Hawaii will no longer mandate grading public school teachers on how well their students perform on standardized tests, a requirement that most teachers had argued was unfair and ultimately hurt students by placing an overemphasis on tested subjects.
The state Board of Education on Tuesday unanimously approved revising its teacher evaluation policy to remove student test scores as a required measure of student learning and growth.
Since the 2013-14 school year, teachers have been evaluated annually under what’s known as the Educator Effectiveness System, with half of a classroom teacher’s rating based on student learning and growth, measured by test scores and data-driven academic goals. The other half is based on teacher practice, measured through classroom observations and student surveys.
Only teachers rated as effective or highly effective are eligible for collectively bargained pay increases. Teachers rated as marginal are given an opportunity to improve, while an unsatisfactory rating is cause for termination.
The BOE policy now says measurements of student learning and growth “may include but are not limited to statewide assessments and other relevant student learning objectives.”
In recommending the change, Department of Education officials pointed to the recent overhaul of America’s national education law, which President Barack Obama signed into law in December. The new law, known as the Every Student Succeeds Act, replaces No Child Left Behind and significantly shifts the balance of control over education policy away from the federal government and back to the states.
“One of the things that we feel like we have more flexibility on is what are those components of a teacher evaluation system, and not being as closely tied to or required to have testing as a huge part of the evaluation,” schools Superintendent Kathryn Matayoshi told the Honolulu Star-Advertiser.
Hawaii was one of 42 states granted a federal waiver from the most outdated No Child Left Behind mandates over the past few years. Under the waivers, the feds essentially required states to craft teacher evaluation systems tied to student test scores, as well as adopt standards and assessments aligned to the Common Core.
But even before the state received a waiver, the Board of Education in 2012 had implemented its own policy requiring the use of test scores to evaluate teachers, and the following year negotiated the requirement into its collective bargaining agreement with the 13,500-member Hawaii State Teachers Association.
Evaluation results from 2013-14 and 2014-15 showed the majority of teachers — 98 percent — were deemed highly effective or effective educators, the highest of four categories.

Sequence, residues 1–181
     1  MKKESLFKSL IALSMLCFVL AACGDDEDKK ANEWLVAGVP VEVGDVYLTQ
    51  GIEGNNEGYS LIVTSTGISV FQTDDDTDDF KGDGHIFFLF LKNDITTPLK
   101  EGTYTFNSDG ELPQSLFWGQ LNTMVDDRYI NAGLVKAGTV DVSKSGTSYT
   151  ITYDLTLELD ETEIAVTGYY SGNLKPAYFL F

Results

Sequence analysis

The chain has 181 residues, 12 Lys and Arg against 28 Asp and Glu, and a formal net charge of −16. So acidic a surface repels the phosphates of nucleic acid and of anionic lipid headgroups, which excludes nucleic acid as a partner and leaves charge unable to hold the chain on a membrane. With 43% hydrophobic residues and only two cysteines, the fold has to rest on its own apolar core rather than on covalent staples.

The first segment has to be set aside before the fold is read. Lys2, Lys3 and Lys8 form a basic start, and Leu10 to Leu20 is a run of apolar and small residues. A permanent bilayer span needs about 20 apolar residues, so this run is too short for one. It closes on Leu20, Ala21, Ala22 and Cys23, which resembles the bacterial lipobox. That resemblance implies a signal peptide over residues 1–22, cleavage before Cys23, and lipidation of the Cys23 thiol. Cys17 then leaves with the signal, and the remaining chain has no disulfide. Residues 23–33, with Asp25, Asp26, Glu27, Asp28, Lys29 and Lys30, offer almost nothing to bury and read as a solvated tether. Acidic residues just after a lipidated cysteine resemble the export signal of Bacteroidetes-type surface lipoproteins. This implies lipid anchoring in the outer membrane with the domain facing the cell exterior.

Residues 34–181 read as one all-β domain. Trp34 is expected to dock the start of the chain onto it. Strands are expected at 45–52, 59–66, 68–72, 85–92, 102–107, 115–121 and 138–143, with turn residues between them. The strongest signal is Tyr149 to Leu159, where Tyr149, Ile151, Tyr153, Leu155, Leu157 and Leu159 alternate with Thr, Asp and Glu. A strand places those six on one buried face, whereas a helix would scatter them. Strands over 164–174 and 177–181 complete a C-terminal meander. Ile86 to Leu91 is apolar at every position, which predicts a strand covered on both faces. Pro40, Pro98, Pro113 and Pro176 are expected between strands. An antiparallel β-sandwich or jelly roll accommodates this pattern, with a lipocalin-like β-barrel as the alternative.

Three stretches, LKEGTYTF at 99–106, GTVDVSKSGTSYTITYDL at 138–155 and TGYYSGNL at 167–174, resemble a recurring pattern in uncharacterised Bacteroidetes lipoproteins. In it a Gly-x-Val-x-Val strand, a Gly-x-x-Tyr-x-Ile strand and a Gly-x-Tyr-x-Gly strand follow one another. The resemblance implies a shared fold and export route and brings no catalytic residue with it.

Matayoshi said the policy change, while significant, should not be viewed as backpedaling.
“We tried something really big and bold, and as we were going forward, we learned a lot. We got a lot of feedback, and what we’re trying to do is make it really true to its original purpose, which is to improve teacher practice and not to punish people or push people out,” she said.
“It’s not about the quality of the teaching somehow being lowered. It’s more about taking away some of the pieces that weren’t adding to the quality of the teaching,” Matayoshi said, citing as an example a lag between when students are tested and a teacher receives their evaluation rating.
HSTA leaders supported the change and pledged to work with the department “to ensure that our evaluation system advances professional growth with reliability and integrity.”
“Removing student scores on standardized tests from teacher evaluations will restore responsibility for learning to dedicated teachers and begin to reinstate respect as the core value on which educator assessment rests,” Mililani High School teacher Amy Perruso, the HSTA’s secretary/treasurer, testified before the BOE’s Human Resources Committee on Tuesday.
“In addition, we have the potential to return ‘whole child education’ to its rightful place in promoting creativity and human development,” she said. “Career and technical education will also be bolstered by moving away from testing-centered descriptions of student growth.”
The DOE and the teachers union are expected to sign off on a memorandum of understanding to reflect the departure from what’s in the union contract, which expires on June 30, 2017.
Although the BOE unanimously approved the policy change, some members voiced concerns about the reversal.
BOE member Jim Williams, who was part of the contract negotiations, said the agreement to link evaluations to test scores came about because the administration at the time wanted to hold teachers accountable for the wage increases.
The union agreed to the annual high-stakes evaluations, but the labor contract called for a joint committee of DOE and HSTA officials to review “the design, validity and reliability” of the Educator Effectiveness System, or EES, and to recommend changes for “continuous improvement” of its design and implementation.
“You asked for it to be high stakes but you didn’t know that’s what you were asking for,” Williams said. “The public isn’t going to buy teachers saying, ‘Well, just leave it to us. We know what we’re doing. We don’t need evaluations.’ They’re also not going to buy that it doesn’t matter how the students perform.”
Kapolei High School teacher Joan Lewis, who sits on the joint EES committee, said test scores can serve as a helpful tool but are not a full measure of a teacher’s abilities or a student’s education.
“It’s supposed to be a system, whether it’s in the classroom or in my evaluation, of where are we now, where are we trying to be, what is keeping us from getting where we want to be, what is it we need to change, what might we need,” Lewis said. “It’s much more in the process and the reflection than it ever is in an outcome.”